[Marxism] The BRICS and Libya

Louis Proyect lnp3 at panix.com
Thu Jul 7 09:45:17 MDT 2011

Vijay Prashad:

At Hainan, in April, the BRICS powers strongly criticized NATO’s war on 
Libya, and formulated the principles that would appear in the African 
Union High Level Ad Hoc Committee on Libya’s  June 15 statement to the 
UN. BRICS held out for a negotiated settlement.

full: http://www.counterpunch.org/prashad07072011.html


NY Times June 22, 2011
China Moves Closer to Libyan Opposition

BEIJING — China’s foreign minister met here with the leader of Libya’s 
rebel opposition on Wednesday and said in a statement afterward that the 
opposition was “an important dialogue partner,” the latest in a series 
of Chinese moves to improve ties to the opposition.

Yang Jiechi, the foreign minister, declared after his meeting with the 
rebel leader, Mahmoud Jibril, that the opposition “has been increasingly 
representing the Libyan people and has gradually become an important 
political force in Libya.” Mr. Yang repeated China’s calls for a 
negotiated peaceful settlement to the conflict.

China has consistently preached nonintervention in recent years and has 
opposed international efforts to put pressure on even repressive 
governments like those in Zimbabwe, Sudan, Myanmar and North Korea. When 
the United Nations Security Council voted in March to authorize 
airstrikes against Colonel Qaddafi’s forces to prevent them from killing 
civilians in opposition areas, China was one of five countries that 

China’s departure from its usual reticence toward political opposition 
groups has prompted significant discussion among experts on China’s 
foreign policy, with the main focus on the country’s shift from being an 
oil exporter as recently as the early 1990s to importing half its oil now.

“It’s unusual for them to negotiate with anyone other than the incumbent 
government, but clearly China has oil interests,” said Ben 
Simpfendorfer, the managing director of Silk Road Associates, an 
economic and political consultancy in Hong Kong that focuses on China’s 
relations with the Middle East.

Libya was a large oil exporter until the recent civil conflict halted 

Mr. Yang said in his statement that China was not just looking out for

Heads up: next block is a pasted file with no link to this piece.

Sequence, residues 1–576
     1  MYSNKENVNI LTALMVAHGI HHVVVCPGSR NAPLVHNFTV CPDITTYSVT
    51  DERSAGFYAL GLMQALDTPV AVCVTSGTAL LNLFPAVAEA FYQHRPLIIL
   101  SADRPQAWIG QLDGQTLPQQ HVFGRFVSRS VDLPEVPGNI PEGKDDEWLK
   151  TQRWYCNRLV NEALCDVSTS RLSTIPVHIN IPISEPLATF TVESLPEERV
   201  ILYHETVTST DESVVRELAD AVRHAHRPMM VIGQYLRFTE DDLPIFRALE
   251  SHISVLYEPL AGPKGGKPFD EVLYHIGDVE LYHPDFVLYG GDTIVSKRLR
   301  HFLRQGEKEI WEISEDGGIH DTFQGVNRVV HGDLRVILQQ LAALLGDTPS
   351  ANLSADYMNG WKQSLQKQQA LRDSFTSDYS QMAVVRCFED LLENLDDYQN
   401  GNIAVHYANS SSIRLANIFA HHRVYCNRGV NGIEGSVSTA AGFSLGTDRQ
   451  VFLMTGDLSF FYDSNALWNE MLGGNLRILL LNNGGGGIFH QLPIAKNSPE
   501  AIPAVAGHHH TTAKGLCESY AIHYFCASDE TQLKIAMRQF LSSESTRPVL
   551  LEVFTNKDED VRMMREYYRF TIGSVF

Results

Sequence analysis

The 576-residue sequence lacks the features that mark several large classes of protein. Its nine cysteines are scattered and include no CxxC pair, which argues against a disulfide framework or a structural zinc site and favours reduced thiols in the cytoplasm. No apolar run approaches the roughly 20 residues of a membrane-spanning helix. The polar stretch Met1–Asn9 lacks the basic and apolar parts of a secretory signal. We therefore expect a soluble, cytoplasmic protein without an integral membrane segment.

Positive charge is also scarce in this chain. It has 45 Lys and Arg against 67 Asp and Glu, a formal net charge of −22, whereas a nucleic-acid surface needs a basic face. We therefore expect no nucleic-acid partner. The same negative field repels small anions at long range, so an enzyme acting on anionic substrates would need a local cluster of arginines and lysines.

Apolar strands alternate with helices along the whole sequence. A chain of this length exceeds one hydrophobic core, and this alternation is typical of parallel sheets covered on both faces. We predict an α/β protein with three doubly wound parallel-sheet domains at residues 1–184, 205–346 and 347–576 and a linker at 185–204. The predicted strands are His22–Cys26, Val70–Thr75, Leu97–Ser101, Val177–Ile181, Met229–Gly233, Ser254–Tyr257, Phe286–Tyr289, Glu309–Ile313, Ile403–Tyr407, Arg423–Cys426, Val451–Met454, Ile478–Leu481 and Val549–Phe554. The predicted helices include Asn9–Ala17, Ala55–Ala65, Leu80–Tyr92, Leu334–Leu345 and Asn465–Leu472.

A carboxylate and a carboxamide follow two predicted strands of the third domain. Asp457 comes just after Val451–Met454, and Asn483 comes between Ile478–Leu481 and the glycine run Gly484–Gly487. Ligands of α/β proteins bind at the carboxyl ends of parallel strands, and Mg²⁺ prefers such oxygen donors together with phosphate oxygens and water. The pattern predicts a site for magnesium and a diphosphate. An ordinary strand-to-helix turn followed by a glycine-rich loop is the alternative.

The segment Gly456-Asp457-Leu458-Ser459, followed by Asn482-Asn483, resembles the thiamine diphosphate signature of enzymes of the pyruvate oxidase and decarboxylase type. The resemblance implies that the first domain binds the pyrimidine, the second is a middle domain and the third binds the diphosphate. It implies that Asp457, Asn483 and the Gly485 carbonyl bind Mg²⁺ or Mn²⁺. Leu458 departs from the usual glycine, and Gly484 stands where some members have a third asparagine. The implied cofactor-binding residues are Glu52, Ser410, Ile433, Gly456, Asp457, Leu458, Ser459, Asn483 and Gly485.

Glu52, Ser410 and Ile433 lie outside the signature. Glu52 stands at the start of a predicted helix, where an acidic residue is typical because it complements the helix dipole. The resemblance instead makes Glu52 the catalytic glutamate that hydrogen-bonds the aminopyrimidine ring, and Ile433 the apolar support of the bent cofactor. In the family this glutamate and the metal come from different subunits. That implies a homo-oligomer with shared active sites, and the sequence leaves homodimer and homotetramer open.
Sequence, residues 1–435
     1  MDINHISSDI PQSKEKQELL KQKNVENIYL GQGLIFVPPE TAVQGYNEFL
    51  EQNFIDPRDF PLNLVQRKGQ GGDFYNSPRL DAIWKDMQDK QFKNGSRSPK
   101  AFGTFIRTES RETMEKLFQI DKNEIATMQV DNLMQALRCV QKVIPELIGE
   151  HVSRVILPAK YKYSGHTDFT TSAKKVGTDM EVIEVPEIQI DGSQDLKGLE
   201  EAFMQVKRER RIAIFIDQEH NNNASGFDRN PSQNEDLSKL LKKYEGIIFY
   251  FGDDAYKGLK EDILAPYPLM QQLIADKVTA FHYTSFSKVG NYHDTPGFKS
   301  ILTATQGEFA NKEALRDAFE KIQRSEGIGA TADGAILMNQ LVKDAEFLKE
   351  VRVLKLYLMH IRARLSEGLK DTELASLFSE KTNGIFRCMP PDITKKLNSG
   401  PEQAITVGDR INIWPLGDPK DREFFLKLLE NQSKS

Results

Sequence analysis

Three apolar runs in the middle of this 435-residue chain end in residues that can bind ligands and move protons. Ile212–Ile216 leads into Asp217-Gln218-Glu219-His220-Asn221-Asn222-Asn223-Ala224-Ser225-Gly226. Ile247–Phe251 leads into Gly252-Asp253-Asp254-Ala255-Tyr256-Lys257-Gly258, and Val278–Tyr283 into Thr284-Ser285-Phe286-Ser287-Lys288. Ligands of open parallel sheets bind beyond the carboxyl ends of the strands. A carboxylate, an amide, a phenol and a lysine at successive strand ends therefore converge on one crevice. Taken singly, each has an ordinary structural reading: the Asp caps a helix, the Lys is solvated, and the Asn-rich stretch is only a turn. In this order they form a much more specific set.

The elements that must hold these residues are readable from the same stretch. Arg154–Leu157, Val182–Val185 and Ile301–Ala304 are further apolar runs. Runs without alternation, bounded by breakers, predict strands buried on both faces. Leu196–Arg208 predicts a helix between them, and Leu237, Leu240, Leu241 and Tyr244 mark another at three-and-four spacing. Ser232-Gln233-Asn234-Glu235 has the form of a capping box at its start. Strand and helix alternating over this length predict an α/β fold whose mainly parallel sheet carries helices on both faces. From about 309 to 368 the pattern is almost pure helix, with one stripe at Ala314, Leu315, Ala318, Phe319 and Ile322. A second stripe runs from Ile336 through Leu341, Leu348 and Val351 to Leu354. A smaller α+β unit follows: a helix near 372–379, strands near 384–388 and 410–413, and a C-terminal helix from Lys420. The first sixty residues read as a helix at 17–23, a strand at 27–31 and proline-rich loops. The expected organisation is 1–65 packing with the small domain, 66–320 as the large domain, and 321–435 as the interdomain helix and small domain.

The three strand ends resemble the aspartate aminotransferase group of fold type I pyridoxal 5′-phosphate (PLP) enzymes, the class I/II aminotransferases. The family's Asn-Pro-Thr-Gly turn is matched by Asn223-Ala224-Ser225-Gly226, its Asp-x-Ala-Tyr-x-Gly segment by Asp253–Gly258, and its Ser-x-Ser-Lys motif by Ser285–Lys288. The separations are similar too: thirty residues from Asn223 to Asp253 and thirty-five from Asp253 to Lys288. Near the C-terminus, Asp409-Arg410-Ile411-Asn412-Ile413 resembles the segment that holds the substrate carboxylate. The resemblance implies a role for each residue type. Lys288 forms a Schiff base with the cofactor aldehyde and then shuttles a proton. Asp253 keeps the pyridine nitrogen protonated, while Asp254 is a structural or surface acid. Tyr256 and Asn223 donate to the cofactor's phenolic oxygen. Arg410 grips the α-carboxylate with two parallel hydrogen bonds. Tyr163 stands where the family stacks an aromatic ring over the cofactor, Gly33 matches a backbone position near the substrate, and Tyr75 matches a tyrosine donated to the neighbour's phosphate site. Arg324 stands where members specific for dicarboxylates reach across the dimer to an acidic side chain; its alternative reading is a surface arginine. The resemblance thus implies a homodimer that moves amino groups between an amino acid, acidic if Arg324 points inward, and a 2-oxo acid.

its own interests. “China has no interest to seek any gain on the Libya 
issue,” he said in the statement. “China considers the crisis as 
internal politics of Libya. China believes that the future of Libya 
should be decided by the Libyan people.”

The statement on Wednesday said that Mr. Jibril had agreed that the 
opposition would protect the people and assets of Chinese companies in 
territory that the opposition controls.

Mr. Jibril is the chairman of the executive board of the Libyan 
opposition’s National Transitional Council.

Strong criticism of Colonel Qaddafi by other Arab countries, like Qatar, 
as well as efforts by African leaders to negotiate a settlement in Libya 
may have made China more willing to depart from its usual practice of 
avoiding contact with opposition groups, Mr. Simpfendorfer said.

China buys half of its oil and gas from the Middle East, and now buys 
more oil and oil products from Saudi Arabia, for example, than the 
United States does.

China also buys sizable quantities of oil from Libya, although less than 
it buys from Saudi Arabia. China purchased $4.45 billion worth of Libyan 
crude oil last year, according to data from Global Trade Information 
Services Inc., a data service based in Columbia, S.C.

China’s ambassador to Qatar, Zhang Zhiliang, met another Libyan 
opposition leader in Doha on June 2. Chen Xiaodong, the director general 
of the West Asian and North African Affairs Department of the Chinese 
Foreign Ministry, said a week later that China would welcome a visit by 
Libyan opposition envoys.

“China believes that the Libyan opposition National Transitional Council 
has become an important political force in Libya,” Mr. Hong said on 
Tuesday. “We would like to remain in contact with the N.T.C. and work 
towards a political solution.”

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